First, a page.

|30||October 9, 2000
|Hybrid (L-1011)||Kwajalein Atoll||HETE 2||600.0 x 650.0 km @ 2.00° i||591.9 x 651.9 km @ 1.95° i||Success|
|31||February 5, 2002
|XL (L-1011)||Cape Canaveral||RHESSI||600.0 x 600.0 km @ 38.00° i||586.4 x 602.0 km @ 38.02° i||Success|
|32||January 25, 2003
|XL (L-1011)||Cape Canaveral||SORCE||645.0 x 645.0 km @ 40.00° i||622.3 x 647.3 km @ 39.999° i||Success|
|33||April 28, 2003
|XL (L-1011)||Cape Canaveral||GALEX – Galaxy Evolution Explorer||690.0 x 690.0 km @ 29.00° i||689.8 x 711.3 km @ 28.99° i||Success|
|34||June 26, 2003
|XL (L-1011)||Vandenberg AFB||OrbView-3||369.0 x 470.0 km @ 97.29° i||367.1 x 440.5 km @ 97.27° i||Success|
|35||August 13, 2003
|XL (L-1011)||Vandenberg AFB||SCISAT-1||650.0 x 650.0 km @ 73.92° i||647.9 x 659.7 km @ 73.95° i||Success|
|36||April 15, 2005
|XL w/ HAPS (L-1011)||Vandenberg AFB||DART||538.7 x 566.7 km @ 97.73° i||541.2 x 548.8 km @ 97.73° i||Success|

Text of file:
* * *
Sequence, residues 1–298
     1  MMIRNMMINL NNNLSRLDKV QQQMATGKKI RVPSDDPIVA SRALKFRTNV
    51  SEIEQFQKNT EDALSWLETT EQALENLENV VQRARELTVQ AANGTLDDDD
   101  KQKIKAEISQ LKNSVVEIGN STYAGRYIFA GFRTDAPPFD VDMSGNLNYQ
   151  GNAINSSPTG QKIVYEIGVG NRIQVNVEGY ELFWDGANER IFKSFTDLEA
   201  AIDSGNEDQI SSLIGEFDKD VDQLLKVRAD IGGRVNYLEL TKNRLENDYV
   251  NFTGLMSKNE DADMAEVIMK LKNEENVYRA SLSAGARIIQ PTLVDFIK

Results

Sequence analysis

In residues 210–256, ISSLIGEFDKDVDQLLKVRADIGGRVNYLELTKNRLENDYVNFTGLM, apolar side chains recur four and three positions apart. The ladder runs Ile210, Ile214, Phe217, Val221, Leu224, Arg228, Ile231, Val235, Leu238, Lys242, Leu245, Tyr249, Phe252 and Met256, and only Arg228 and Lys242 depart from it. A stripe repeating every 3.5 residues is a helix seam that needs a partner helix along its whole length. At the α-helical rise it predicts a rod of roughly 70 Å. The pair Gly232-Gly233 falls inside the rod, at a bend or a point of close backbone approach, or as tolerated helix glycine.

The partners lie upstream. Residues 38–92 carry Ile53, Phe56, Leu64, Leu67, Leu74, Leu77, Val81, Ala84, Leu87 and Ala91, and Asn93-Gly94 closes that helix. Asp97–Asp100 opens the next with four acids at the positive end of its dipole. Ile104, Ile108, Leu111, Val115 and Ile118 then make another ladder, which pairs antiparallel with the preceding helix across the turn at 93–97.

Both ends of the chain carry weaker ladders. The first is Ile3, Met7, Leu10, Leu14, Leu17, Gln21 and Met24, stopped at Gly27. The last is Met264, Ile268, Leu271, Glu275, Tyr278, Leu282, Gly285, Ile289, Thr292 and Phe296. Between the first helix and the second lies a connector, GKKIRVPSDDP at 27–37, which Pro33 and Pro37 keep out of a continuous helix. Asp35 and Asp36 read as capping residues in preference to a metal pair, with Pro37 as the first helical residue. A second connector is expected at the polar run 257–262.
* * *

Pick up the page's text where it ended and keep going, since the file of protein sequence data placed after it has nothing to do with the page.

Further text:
|37||March 22, 2006
|XL (L-1011)||Vandenberg AFB||ST-5 – Space Technology 5 (3 satellites)||300.0 x 4500.0 km @ 105.6° i||301.1 x 4571.0 km @ 105.62° i||Success|
|38||April 25, 2007
|XL (L-1011)||Vandenberg AFB||AIM – Aeronomy of Ice in the Mesosphere||197 kg (434 lb)||600.0 x600.0 km @ 97.77° i||601.3 x 596.2 km @ 97.79° i||NASA||Success|
|39||April 16, 2008
|XL (L-1011)||Kwajalein Atoll||C/NOFS||384 kg (847 lb)||400.0 x 850.0 km @ 13.0° i||401.0 x 868.0 km @ 12.99° i||STP / AFRL / DMSG||Success|
|40||October 19, 2008
|XL (L-1011)||Kwajalein Atoll||IBEX – Interstellar Boundary Explorer||107 kg (236 lb)||207.0 x 412.0 km @11.0° i||206.4 x 445.0 km @ 10.99° i||NASA||Success|